Is Ringworm in Dogs Contagious?

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No pet owner ever wants to hear that their furry companion has been infected with ringworm. Even though it is not life-threatening, ringworm in pets is still an infection that can cause severe skin complications if gone untreated. That’s why it’s imperative that pet owners recognize the signs and symptoms of ringworm in dogs, so they can treat their pet as soon as possible.

Despite its name, ringworm is actually a fungal infection that can affect all domestic animals. Due to its commonality among the pet community, dog owners begin to wonder, “If one of my dogs becomes infected with ringworm, can they spread it to the other dogs in my household?”

Unfortunately, the answer is yes, ringworm in dogs can be very contagious. Luckily for owners, these infections are curable. In order to prevent ringworm from spreading, it’s critical to always monitor your dog’s overall health. The last thing you want is for your dog to unknowingly become infected with ringworm and then have it spread to yourself or other members of the family.

What is ringworm?

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As previously stated, ringworm actually has nothing to do with worms at all. This infection occurs when there is an accumulation of pathogenic fungus on the outer layer of the skin. It was given this name due to the red rings that develop on the surface of the dog’s skin.

This infection can be caused by three different varieties of fungus- Microsporum Canis, Microsporum Gypseum, or Trichophyton mentagrophytes. This fungus lives deep inside the hair follicles, and will continue to grow there and flourish as long as the dog is infected.

Although the chances of your dog becoming infected with ringworm are quite low compared to other health concerns, it is still a highly infectious illness, which can only be treated with proper medications.

How are dogs infected by ringworm?

Ringworm is commonly spread through skin-to-skin contact with another animal. However, keep in mind that a dog can still become infected with ringworm just by becoming exposed to a place that an infected animal has recently come into contact with. Fungal spores can stay dormant on inanimate objects up to several month. These fungal spores can be killed with a chlorine bleach and water solution. Puppies, older dogs, and animals that have an immune system deficiency are all at a higher risk for contracting ringworm.

It’s important to keep in mind that this skin infection can affect humans as well. When a dog is diagnosed with a severe case of ringworm, his owner and other household pets become susceptible to this infection, and will display similar symptoms.

Even though ringworm is highly contagious, that doesn’t mean that every person that comes into contact with an infected dog will automatically be infected as well. There are several factors that increase the chances of developing this infection. Factors include a weakened immune system or people that are young or old in age.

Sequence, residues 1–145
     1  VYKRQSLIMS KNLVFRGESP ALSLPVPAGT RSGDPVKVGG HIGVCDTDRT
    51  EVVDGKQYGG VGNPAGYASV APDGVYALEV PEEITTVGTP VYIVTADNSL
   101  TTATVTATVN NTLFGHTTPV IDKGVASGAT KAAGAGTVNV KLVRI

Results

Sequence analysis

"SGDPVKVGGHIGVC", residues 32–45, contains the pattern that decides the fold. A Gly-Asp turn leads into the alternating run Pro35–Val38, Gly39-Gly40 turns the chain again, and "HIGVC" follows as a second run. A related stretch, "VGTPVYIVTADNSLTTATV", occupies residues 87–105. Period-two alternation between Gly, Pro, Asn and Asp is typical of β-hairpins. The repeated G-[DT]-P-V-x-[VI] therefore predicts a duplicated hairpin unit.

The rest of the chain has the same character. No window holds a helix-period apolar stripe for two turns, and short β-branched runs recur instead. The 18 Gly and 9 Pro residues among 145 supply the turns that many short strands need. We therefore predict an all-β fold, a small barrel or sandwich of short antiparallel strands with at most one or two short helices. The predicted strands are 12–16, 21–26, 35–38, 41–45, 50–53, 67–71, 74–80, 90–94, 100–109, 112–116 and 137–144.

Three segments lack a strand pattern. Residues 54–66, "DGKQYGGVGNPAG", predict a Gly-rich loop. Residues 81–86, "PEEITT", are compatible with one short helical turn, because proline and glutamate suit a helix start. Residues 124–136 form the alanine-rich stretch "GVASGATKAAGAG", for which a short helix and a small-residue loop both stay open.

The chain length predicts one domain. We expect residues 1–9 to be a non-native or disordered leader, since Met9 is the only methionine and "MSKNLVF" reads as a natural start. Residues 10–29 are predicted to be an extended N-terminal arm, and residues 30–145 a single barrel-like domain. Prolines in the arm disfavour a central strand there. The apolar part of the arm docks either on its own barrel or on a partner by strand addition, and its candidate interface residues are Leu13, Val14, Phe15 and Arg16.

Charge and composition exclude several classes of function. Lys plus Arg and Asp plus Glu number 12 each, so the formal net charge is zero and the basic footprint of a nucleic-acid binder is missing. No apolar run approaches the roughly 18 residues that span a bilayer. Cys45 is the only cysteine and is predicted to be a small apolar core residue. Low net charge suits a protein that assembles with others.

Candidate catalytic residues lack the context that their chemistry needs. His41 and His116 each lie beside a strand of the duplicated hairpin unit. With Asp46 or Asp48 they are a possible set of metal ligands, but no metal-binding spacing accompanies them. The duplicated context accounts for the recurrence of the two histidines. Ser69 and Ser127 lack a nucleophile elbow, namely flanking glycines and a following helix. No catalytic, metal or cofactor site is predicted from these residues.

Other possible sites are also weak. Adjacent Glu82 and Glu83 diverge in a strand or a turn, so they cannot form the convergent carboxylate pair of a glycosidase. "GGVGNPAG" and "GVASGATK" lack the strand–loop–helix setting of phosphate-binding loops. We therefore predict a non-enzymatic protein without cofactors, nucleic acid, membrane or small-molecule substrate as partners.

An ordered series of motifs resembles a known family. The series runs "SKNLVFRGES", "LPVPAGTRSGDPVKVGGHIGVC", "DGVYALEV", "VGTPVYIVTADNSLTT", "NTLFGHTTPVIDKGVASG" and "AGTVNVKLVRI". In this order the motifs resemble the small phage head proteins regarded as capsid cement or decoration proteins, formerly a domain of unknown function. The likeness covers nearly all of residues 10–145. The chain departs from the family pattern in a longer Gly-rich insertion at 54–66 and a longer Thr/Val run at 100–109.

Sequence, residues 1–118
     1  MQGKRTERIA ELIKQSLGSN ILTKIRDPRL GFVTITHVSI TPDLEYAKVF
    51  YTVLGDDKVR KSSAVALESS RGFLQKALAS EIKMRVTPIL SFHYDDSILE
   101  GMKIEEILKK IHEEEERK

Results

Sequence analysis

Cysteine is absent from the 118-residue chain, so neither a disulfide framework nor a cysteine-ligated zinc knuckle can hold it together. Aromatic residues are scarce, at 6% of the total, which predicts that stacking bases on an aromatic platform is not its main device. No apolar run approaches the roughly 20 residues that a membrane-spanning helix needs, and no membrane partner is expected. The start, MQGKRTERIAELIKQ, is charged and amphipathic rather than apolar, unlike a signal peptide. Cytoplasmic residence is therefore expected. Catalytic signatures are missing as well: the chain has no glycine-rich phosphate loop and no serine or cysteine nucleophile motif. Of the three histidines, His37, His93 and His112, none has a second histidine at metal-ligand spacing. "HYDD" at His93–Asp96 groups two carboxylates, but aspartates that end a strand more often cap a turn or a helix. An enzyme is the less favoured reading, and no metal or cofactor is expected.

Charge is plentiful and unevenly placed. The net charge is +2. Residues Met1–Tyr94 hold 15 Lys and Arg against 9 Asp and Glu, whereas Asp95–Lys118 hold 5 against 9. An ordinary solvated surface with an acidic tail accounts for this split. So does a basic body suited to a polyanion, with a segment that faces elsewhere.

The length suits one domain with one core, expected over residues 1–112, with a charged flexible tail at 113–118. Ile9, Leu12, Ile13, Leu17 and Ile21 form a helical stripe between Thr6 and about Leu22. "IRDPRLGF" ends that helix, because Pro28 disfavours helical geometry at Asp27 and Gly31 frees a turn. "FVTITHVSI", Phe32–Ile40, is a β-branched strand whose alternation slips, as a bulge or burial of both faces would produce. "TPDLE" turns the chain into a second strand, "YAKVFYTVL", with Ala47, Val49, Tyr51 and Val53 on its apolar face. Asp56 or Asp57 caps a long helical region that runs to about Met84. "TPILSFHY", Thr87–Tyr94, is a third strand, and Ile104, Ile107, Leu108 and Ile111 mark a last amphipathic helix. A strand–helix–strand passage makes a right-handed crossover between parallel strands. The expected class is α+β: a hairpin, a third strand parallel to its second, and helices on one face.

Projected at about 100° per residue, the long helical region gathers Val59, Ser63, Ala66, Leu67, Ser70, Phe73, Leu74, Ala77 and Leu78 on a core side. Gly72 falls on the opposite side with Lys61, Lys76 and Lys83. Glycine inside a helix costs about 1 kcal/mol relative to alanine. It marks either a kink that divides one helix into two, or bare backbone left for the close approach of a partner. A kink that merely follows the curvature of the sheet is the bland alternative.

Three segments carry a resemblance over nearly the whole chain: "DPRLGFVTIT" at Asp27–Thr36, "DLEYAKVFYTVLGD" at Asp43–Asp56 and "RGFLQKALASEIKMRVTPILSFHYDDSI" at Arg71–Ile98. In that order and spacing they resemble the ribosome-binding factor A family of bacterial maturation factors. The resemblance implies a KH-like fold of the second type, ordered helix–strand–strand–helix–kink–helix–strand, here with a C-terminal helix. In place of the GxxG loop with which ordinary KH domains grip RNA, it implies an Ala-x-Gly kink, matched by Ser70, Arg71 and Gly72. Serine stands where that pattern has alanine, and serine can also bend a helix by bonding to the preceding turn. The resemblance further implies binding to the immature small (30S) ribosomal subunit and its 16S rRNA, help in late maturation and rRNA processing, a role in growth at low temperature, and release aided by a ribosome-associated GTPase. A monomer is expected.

Most healthy adults are usually resistant to the infection unless there is an open wound or scratch on the skin. Ringworm isn’t guaranteed to transfer just by initial contact, but it is still important to be aware of the possible risks.

Symptoms of Ringworm in Dogs

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As previously stated, ringworm affects the outer-most layer of the skin. This infection leads to bald patches, changes in the coat, brittle hair, scabbing, and inflamed sections of the skin. Your dog may also experience dry and cracking nails if the infection has spread to this area of his body.

In more serious cases, lesions will form around the body, causing bald spots, scaly patches, and irritated skin. Even though most cases of ringworm display the same symptoms, some infected dogs may not show any signs at all. That’s why it’s so important to have regular check-ups with your veterinarian as often as possible.

Treating Canine Ringworm

In order to properly diagnose your dog with ringworm, your veterinarian will conduct a physical examination as well as a diagnostic test (this includes taking a fungal culture of a sample of hair and skin cells). Your veterinarian may inspect the infected hairs under a Wood’s lamp as the M. Canis species will glow fluorescent. If the test results are positive for ringworm, your veterinarian will then prescribe an oral antifugal medication as well as a topical antifungal treatment.

If you or one of your family members becomes infected with ringworm, there are several treatment options available for a quick recovery. According to the Centers for Disease Control and Prevention (CDC), an over-the-counter medication will be necessary to treat ringworm in humans. However, if the ringworm affects the scalp, the fungal infection will need to be treated with a prescription antifungal medication.

If your dog has been diagnosed with ringworm, make sure to treat it as soon as possible to avoid further contamination. Even though this infection is highly contagious, it can be easily treated with medications provided by your veterinarian.

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